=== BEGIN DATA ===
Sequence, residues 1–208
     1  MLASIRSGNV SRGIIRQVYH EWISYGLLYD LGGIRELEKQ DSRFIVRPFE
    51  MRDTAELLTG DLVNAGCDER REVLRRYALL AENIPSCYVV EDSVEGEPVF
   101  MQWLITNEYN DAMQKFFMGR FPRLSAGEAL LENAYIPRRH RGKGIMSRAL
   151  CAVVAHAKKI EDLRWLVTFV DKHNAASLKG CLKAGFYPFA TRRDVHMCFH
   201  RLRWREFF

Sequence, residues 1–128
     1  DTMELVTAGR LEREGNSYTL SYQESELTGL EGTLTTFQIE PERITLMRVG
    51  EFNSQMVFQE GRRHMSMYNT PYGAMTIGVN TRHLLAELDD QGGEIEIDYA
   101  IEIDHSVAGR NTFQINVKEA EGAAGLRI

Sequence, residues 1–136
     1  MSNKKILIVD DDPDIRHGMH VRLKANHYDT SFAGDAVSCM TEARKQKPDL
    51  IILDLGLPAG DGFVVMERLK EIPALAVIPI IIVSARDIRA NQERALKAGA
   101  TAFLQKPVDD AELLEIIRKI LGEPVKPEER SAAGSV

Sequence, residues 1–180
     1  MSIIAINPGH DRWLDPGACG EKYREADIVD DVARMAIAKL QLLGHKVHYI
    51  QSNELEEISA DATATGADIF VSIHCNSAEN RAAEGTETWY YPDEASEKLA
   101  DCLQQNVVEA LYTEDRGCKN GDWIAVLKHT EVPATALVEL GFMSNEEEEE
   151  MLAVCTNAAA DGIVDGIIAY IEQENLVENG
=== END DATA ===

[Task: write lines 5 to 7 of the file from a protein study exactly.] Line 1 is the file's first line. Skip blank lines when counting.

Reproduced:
   151  CAVVAHAKKI EDLRWLVTFV DKHNAASLKG CLKAGFYPFA TRRDVHMCFH
   201  RLRWREFF

Sequence, residues 1–128